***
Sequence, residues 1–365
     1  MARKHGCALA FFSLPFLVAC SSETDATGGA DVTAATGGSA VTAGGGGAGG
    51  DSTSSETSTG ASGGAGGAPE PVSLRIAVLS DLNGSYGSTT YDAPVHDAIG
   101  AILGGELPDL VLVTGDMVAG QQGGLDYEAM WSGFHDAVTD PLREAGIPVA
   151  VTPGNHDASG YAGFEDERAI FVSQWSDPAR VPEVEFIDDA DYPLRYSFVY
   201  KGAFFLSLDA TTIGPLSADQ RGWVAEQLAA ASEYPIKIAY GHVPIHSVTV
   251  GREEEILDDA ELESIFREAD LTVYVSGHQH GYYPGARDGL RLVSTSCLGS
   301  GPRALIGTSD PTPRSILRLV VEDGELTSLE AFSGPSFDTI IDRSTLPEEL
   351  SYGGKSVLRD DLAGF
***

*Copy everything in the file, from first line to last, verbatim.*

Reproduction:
Sequence, residues 1–365
     1  MARKHGCALA FFSLPFLVAC SSETDATGGA DVTAATGGSA VTAGGGGAGG
    51  DSTSSETSTG ASGGAGGAPE PVSLRIAVLS DLNGSYGSTT YDAPVHDAIG
   101  AILGGELPDL VLVTGDMVAG QQGGLDYEAM WSGFHDAVTD PLREAGIPVA
   151  VTPGNHDASG YAGFEDERAI FVSQWSDPAR VPEVEFIDDA DYPLRYSFVY
   201  KGAFFLSLDA TTIGPLSADQ RGWVAEQLAA ASEYPIKIAY GHVPIHSVTV
   251  GREEEILDDA ELESIFREAD LTVYVSGHQH GYYPGARDGL RLVSTSCLGS
   301  GPRALIGTSD PTPRSILRLV VEDGELTSLE AFSGPSFDTI IDRSTLPEEL
   351  SYGGKSVLRD DLAGF